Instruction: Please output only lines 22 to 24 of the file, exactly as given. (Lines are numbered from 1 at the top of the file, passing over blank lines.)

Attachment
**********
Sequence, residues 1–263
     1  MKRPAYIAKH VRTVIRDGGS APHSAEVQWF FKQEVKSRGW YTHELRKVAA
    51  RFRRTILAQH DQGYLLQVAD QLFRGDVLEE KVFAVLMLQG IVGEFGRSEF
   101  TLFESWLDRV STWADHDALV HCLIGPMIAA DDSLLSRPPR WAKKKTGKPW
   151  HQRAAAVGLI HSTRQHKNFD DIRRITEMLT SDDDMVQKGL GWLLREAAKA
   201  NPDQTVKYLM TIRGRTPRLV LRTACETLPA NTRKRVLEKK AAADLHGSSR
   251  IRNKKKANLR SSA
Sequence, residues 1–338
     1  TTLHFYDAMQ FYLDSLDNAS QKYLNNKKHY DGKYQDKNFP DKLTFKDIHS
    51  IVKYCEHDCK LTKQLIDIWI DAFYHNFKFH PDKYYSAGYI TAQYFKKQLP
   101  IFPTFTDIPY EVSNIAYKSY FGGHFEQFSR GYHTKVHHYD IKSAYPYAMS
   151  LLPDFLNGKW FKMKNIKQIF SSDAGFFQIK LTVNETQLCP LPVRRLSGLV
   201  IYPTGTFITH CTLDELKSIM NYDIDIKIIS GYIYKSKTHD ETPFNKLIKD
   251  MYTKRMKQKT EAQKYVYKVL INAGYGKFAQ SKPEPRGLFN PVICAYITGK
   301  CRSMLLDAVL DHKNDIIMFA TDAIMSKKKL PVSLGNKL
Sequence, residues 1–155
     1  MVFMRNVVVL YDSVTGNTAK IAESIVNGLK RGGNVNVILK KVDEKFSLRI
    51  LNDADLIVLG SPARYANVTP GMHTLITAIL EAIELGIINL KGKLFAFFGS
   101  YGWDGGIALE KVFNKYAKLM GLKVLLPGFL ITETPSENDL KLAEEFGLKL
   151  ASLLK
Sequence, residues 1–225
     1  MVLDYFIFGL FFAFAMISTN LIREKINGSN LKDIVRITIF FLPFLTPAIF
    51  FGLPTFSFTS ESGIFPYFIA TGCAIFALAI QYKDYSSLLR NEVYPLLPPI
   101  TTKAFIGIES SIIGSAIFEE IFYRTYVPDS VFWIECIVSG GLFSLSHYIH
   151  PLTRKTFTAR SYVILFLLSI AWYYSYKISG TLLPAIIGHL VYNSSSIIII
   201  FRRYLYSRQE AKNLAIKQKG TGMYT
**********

     1  MVLDYFIFGL FFAFAMISTN LIREKINGSN LKDIVRITIF FLPFLTPAIF
    51  FGLPTFSFTS ESGIFPYFIA TGCAIFALAI QYKDYSSLLR NEVYPLLPPI
   101  TTKAFIGIES SIIGSAIFEE IFYRTYVPDS VFWIECIVSG GLFSLSHYIH